Hold that extra serving of fancy pasta—a recent study in the European Journal of Clinical Nutritionsays that dining out at a sit-down restaurant can mean more sodium and nearly as much saturated fat as eating at a fast food joint. This time, it’s not just about what kind of food. It’s also about how much of it you consume.
“People regard fast food as junk food and tend to believe that full-service restaurants are better in terms of quality and healthiness,” says Ruopeng An, an assistant professor of kinesiology and community health, and the author of the study.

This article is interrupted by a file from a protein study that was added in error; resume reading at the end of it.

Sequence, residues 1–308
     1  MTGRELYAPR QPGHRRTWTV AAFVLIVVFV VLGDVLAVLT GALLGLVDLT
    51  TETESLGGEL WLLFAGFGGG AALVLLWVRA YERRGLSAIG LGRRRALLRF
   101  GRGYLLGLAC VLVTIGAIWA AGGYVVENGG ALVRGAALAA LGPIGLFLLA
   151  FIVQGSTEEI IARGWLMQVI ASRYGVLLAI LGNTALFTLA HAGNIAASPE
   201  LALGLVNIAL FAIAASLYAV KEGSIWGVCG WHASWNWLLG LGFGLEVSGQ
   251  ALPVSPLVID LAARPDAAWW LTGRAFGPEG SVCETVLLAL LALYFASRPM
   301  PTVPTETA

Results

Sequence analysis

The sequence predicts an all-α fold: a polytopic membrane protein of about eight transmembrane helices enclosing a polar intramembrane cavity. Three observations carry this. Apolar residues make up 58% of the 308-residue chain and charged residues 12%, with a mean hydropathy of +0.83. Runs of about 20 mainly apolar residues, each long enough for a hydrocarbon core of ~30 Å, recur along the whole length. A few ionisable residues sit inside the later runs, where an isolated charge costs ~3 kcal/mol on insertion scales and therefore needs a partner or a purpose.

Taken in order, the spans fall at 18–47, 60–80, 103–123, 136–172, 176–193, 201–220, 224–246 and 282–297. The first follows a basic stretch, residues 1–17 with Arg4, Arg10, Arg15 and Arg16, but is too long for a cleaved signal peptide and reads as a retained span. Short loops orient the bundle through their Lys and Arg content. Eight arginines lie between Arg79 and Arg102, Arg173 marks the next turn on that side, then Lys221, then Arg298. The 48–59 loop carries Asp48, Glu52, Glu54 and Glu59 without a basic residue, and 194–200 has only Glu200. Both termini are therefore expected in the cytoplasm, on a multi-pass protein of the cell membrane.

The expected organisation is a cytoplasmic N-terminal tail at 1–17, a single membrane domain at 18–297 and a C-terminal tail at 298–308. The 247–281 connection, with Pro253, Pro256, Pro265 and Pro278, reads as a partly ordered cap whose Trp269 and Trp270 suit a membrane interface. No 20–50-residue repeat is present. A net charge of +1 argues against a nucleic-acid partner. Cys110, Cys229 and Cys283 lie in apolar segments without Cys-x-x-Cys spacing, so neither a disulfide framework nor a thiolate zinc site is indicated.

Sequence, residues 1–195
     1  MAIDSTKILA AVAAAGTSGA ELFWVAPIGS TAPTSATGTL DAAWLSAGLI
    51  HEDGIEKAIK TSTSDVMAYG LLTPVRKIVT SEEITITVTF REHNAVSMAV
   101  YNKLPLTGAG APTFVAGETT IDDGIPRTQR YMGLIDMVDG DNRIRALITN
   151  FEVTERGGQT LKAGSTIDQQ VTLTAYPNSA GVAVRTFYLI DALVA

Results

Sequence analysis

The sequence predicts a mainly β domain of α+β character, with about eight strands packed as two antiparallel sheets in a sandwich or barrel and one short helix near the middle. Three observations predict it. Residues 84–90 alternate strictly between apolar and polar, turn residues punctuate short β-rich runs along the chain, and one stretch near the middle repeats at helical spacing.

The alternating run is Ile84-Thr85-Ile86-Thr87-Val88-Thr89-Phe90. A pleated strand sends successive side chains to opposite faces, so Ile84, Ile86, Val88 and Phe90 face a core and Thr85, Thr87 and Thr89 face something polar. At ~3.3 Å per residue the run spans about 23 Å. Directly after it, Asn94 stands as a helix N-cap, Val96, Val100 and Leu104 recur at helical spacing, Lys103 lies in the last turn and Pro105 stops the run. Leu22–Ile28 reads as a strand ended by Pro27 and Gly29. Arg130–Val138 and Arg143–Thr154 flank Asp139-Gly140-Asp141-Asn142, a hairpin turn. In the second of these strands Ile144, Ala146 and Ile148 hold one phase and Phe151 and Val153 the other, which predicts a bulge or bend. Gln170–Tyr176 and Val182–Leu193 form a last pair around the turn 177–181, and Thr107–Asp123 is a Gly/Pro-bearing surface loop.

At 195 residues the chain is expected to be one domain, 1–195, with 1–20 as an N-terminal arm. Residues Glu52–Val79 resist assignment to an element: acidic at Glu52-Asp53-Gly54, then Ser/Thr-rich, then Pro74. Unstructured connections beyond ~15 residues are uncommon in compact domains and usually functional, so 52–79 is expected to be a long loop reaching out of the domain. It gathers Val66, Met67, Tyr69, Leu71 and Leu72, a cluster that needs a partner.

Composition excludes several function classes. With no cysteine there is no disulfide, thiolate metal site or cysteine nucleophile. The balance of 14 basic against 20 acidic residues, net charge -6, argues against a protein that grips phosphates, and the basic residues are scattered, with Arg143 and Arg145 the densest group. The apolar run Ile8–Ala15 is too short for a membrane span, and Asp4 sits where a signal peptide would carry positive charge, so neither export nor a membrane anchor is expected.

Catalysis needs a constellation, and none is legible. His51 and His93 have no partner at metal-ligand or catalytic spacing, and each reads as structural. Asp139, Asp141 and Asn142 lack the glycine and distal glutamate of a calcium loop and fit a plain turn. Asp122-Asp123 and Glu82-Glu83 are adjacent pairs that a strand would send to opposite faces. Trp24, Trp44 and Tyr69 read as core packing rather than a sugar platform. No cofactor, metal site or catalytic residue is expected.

Data was gathered via two-part interviews, where survey participants were asked to first recall their previous meals in the last 24 hours, then follow up with reports on the other meals they had previously via measuring spoons, cups, and other tools to measure their intake.
From here, Ruopeng measured nutrient intake (fat, saturated fat, sodium, sugar, etc.). He found out that a full-service restaurant added more to one’s daily sodium intake than a home-cooked meal and yes, a fast food meal.